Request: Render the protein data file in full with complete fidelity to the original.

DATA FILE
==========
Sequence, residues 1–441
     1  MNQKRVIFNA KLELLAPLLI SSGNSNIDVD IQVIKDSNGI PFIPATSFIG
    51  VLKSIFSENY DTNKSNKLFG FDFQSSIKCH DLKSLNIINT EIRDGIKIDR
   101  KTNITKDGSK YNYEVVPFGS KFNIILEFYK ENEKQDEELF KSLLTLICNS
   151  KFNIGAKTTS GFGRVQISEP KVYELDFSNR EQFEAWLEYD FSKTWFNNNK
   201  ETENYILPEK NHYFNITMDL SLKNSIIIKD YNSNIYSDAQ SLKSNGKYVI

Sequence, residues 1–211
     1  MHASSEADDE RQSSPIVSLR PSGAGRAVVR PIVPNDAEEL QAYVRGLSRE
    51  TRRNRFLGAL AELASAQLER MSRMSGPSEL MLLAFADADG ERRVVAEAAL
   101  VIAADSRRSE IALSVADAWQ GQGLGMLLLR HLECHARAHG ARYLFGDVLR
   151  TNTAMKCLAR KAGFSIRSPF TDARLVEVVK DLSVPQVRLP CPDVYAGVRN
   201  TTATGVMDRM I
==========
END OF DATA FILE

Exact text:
Sequence, residues 1–441
     1  MNQKRVIFNA KLELLAPLLI SSGNSNIDVD IQVIKDSNGI PFIPATSFIG
    51  VLKSIFSENY DTNKSNKLFG FDFQSSIKCH DLKSLNIINT EIRDGIKIDR
   101  KTNITKDGSK YNYEVVPFGS KFNIILEFYK ENEKQDEELF KSLLTLICNS
   151  KFNIGAKTTS GFGRVQISEP KVYELDFSNR EQFEAWLEYD FSKTWFNNNK
   201  ETENYILPEK NHYFNITMDL SLKNSIIIKD YNSNIYSDAQ SLKSNGKYVI

Sequence, residues 1–211
     1  MHASSEADDE RQSSPIVSLR PSGAGRAVVR PIVPNDAEEL QAYVRGLSRE
    51  TRRNRFLGAL AELASAQLER MSRMSGPSEL MLLAFADADG ERRVVAEAAL
   101  VIAADSRRSE IALSVADAWQ GQGLGMLLLR HLECHARAHG ARYLFGDVLR
   151  TNTAMKCLAR KAGFSIRSPF TDARLVEVVK DLSVPQVRLP CPDVYAGVRN
   201  TTATGVMDRM I